De-medicalizing Misery: Psychiatry, Psychology And The Human Condition by M. RapleyDe-medicalizing Misery: Psychiatry, Psychology And The Human Condition by M. Rapley

De-medicalizing Misery: Psychiatry, Psychology And The Human Condition

EditorM. Rapley, J. Moncrieff, J. Dillon

Paperback | October 12, 2011

Pricing and Purchase Info

$45.81 online 
$49.50 list price save 7%
Earn 229 plum® points

Prices and offers may vary in store


In stock online

Ships free on orders over $25

Not available in stores


Psychiatry and psychology have constructed a mental health system that does no justice to the problems it claims to understand and creates multiple problems for its users. Yet the myth of biologically-based mental illness defines our present. The book rethinks madness and distress reclaiming them as human, not medical, experiences.
JAMES BOURNE Clinical psychologist and is currently working London, UK MARY BOYLE Professor Emerita of Clinical Psychology at the University of East London, UK PATRICK BRACKEN Consultant Psychiatrist and Clinical Director of Mental Health Services in West Cork, Ireland CARLTON COULTER Clinical Psychologist who lives and works in East L...
Title:De-medicalizing Misery: Psychiatry, Psychology And The Human ConditionFormat:PaperbackDimensions:320 pagesPublished:October 12, 2011Publisher:Palgrave Macmillan UKLanguage:English

The following ISBNs are associated with this title:

ISBN - 10:0230307914

ISBN - 13:9780230307919


Table of Contents

Notes on Contributors Preface; R.Dallos Carving Nature at its Joints? DSM and the Medicalization of Everyday Life; M.Rapley, J.Moncrieff & J.Dillon Dualisms and the Myth of Mental Illness; P.Thomas & P.Bracken Making the World Go Away, and How Psychology and Psychiatry Benefit; M.Boyle Cultural Diversity and Racism: An Historical Perspective; S.Fernando The Social Context of Paranoia; D.J.Harper From 'Bad Character' to BPD: The Medicalization of 'Personality Disorder'; J.Bourne Medicalizing Masculinity; S.Timimi Can Traumatic Events Traumatise People? Trauma, Madness and 'Psychosis'; L.Johnstone Children Who Witness Violence at Home; A.Vetere Discourses of Acceptance and Resistance: Speaking Out About Psychiatry; E.Speed The Personal Is the Political; J.Dillon 'I'm Just, You Know, Joe Bloggs': The Management of Parental Responsibility for First-Episode Psychosis; C.Coulter & M.Rapley The Myth of the Antidepressant: An Historical Analysis; J.Moncrieff Antidepressants and the Placebo Response; I.Kirsch Why Were Doctors so Slow to Recognise Antidepressant Discontinuation Problems?; D.Double Toxic Psychology; C.Newnes Psychotherapy: Illusion With No Future?; D.Smail The Psychologization of Torture; N.Patel What Is To Be Done?; J.Moncrieff, J.Dillon & M.Rapley Figure: Papers Using Term 'Antidepressant' On Medline 1957-1965 Index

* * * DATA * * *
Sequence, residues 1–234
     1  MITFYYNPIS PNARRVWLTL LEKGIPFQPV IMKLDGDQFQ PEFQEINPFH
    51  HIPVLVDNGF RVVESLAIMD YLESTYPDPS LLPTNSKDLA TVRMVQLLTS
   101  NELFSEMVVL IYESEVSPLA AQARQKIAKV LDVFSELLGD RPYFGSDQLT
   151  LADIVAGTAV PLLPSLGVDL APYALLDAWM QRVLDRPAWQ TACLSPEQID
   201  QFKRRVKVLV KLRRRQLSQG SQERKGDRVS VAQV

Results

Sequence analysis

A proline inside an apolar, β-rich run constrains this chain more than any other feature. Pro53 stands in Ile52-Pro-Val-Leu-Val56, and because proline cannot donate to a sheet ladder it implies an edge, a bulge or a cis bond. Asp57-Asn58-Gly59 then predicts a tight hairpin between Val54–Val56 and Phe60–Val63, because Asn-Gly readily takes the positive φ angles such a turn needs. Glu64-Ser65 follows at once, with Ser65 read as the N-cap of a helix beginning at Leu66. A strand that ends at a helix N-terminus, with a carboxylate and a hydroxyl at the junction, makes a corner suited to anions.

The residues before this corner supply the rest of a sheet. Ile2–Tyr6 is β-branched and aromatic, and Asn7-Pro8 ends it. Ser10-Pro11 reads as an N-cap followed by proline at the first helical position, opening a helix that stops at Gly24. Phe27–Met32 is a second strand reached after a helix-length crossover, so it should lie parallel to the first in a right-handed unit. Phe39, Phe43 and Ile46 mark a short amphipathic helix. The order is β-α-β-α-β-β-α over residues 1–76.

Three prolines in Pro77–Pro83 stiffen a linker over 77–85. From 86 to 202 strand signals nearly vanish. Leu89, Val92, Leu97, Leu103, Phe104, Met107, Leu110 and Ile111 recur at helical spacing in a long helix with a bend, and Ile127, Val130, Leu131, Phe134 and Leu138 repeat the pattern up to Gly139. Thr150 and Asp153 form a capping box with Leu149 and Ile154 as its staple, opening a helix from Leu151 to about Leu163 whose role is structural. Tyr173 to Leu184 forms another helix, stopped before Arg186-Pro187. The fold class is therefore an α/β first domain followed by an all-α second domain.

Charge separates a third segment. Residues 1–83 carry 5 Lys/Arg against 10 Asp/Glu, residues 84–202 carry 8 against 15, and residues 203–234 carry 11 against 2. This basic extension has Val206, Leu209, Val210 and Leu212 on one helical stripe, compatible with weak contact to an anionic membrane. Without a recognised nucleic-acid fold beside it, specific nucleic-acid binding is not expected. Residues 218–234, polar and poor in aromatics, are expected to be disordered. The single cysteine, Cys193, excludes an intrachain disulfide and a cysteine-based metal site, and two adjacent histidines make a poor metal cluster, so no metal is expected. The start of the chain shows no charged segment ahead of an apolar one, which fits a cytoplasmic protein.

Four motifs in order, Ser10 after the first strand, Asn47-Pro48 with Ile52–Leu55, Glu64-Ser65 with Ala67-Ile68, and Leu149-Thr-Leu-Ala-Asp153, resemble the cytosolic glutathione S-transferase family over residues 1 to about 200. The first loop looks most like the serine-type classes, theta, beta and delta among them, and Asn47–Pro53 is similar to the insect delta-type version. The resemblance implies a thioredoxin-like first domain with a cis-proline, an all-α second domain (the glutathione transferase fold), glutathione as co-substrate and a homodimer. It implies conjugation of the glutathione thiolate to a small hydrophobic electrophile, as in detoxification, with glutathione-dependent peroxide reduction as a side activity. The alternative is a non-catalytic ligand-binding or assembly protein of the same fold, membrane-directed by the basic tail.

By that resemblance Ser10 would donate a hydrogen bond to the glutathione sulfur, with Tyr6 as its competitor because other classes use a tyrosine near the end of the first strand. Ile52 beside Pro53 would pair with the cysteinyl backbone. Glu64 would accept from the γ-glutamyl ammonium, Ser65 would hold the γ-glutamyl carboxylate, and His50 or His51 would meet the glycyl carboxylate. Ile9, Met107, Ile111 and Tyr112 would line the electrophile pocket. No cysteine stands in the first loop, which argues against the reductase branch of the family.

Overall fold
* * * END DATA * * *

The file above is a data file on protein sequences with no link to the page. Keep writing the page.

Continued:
Editorial Reviews

"Despite longstanding awareness of the limitations of the medical model when applied to difficulties of human behavior and adjustment, the fields of psychiatry and psychology continue to accede to the pressures of medicine and the drug industry in their conceptualization of these human realities. Ironically, however, this medical model, eager as it is to fit so much of people's experience into diagnostic categories, is a social construction. This book represents a significant effort to de-mystify, de-medicalize, and reclaim important aspects of the human condition." - Kenneth D. Keith, Professor, Department of Psychological Sciences, University of San Diego"De-Medicalizing Misery has assembled an impressive cast of leading mental health experts. Together they challenge the simplistic and pessimistic biological model of human distress that has, with eager support from the pharmaceutical industry, dominated the mental health field for far too long. This evidence-based, humane, and optimistic book not only explains where biological psychiatry went wrong, it spells out the alternatives." - John Read, University of Auckland, New Zealand, and Editor of Models of Madness "The psychiatrist or psychologist is expected to do something for every patient sitting in front of him or her, but how robust is the intellectual basis of psychiatric science when psychiatric ‘diseases’ are merely symptom clusters -- clustered by us, not by nature? We are in indeed in the age of the medicalization of everyday life, when Lord Layard, economist and architect of the IAPT program, can write in the BMJ that 'mental illness' has taken over from unemployment as our greatest social problem. But what is the test of 'mental illness'? In De-Medicalizing Misery the authors examine some of the domains lamentably absent from orthodox psychiatry and psychology training programs, with their medical model focus, and in so doing raise the IQ of the whole debate. And not just for clinicians." - Dr. Derek Summerfield, Consultant Psychiatrist & Senior Lecturer, Institute of Psychiatry, King’s College, London, UK